W i d e A n g l e | John 3.31-35
He who comes from above is above all. He who is of the earth belongs to the earth and speaks in an earthly way. He who comes from heaven is above all. He bears witness to what he has seen and heard, yet no one receives his testimony. Whoever receives his testimony sets his seal to this, that God is true. For he whom God has sent utters the words of God, for he gives the Spirit without measure. John 3:31-34 | ESV
Now it’s me, the narrator again – with just a few postscript comments on this final dipper scene:
You want to talk about greatness, about superiority? The One coming from above, from out of this world, has a handle on everything – and everyone; the one exposed to not much more than the local neighborhood can talk about local happenings, but that’s about it. You want more than that, it’s going to take Someone with a much more wide angle view. That Someone has come, and now he’s giving us an earful of testimony as to what he has seen and heard – but no one’s interested in what he has to say! Ah, but the one who does perk up and listen does more than put her seal of approval on a man’s message – she hears the Voice of God – and she owns him as true. When God does the sending it’s God doing the talking when the messenger shows, and there’s no holding back: God doesn’t mince his words – or his Spirit! MAV
Many scholars concur that the narrator once again breaks in here, once again and finishes out what we know as chapter 3. No doubt it’s John’s personal connection with that inner circles of John the Baptist’s disciples that prompts his interjection. At one time John would have identified with the angst of the Baptist’s disciples at their rabbi being so fully eclipsed by a Jesus-come-lately. But now he has not just the perspective of the years since, he has a hugely expanded perspective on this Jesus himself. John the Baptist may have been a bright shining light, but Jesus was the out-raying of God’s glory. One the Baptist had pointed out Jesus as the “Lamb of God who takes away the sin of the world,” it seems pretty clear that John started following Jesus and never looked back. John was merely a booster rocket falling back to earth after its mission is accomplished; Jesus was the orbiter. And so John explores a series of contrasts: the man of the earth, John the Baptist, whose perspective and understanding is limited by such earthly horizons; Jesus is the One “from above,” the out-of-this-world Man with the ultimate wide angle view. Who wouldn’t want to have the perspective of the greatest of all prophets? But when Jesus walked into the room, who would stay or look anywhere else? Humanity is obsessed with making first contact with life off this planet. So imagine a genuine visitor from outer space, someone truly out-of-this-world, shows up requesting an interview with the major media outlets. Now imagine nobody listening or caring. That’s the situation John presents here. An other-worldly Visitor shows up on the scene, brimming with knowledge and insight that will totally change the way we see life, the world, reality…and no one cares. The media turns him down. People are more interested in infomercials, daytime dramas, and nighttime reality shows. That’s the incongruity John has witnessed. It’s as if he wants to smack his former fellow Baptist compatriots up the side of their heads, asking them, “What’s the matter with you? Don’t you know who this is? Where he’s from?” Well, do we?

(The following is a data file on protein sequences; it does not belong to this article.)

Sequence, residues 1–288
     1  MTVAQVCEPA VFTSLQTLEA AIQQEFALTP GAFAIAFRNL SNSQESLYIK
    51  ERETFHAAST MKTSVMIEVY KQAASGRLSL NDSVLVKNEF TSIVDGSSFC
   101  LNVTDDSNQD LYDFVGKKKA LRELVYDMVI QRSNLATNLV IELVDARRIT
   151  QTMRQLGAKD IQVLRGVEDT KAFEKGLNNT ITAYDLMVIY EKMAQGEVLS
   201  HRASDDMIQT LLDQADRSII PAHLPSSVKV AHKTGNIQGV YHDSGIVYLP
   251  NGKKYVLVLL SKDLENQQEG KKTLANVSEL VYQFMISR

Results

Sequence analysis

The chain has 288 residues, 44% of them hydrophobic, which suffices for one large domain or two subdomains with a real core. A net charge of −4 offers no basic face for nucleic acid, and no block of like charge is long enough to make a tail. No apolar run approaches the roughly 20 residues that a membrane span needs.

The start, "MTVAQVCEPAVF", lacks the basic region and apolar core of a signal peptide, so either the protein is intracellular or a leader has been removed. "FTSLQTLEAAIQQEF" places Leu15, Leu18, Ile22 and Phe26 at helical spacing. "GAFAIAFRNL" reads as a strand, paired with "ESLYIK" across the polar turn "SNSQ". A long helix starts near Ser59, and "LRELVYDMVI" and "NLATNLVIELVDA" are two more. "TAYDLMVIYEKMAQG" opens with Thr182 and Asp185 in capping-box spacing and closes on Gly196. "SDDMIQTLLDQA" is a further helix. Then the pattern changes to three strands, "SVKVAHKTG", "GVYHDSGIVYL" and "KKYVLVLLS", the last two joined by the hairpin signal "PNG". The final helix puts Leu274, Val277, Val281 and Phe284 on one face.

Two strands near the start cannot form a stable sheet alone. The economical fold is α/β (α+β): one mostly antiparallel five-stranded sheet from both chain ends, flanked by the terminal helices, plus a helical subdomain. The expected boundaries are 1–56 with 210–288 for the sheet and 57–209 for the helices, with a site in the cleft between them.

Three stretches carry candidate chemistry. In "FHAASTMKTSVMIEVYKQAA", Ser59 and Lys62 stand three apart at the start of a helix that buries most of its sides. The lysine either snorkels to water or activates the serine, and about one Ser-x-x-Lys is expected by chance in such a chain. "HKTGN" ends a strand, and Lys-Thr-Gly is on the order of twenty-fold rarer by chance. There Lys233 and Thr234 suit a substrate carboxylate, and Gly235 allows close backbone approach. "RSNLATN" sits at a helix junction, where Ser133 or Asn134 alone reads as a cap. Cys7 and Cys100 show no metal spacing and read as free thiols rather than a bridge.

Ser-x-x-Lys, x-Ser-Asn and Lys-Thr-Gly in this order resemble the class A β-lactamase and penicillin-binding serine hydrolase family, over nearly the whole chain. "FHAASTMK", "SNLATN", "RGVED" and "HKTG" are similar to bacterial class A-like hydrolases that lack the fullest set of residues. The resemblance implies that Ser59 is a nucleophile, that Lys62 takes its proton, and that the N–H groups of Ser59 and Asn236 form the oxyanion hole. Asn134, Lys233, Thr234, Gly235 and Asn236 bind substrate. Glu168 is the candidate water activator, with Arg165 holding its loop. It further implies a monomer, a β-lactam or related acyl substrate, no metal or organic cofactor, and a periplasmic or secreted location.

Does Jesus and his out-of-this-world message really have your attention? How does it show?
Lord, draw my eyes up from the dust swirling around my feet; draw my eyes up to see the world, to see life – to see you, with a much wider lens. Give me the wisdom to turn away from those with a narrowed perspective that can only talk theory about the way, and to really see and hear the One who is the Way.
For all of this week’s small group resources including this week’s DG video, check out the Vineyard website.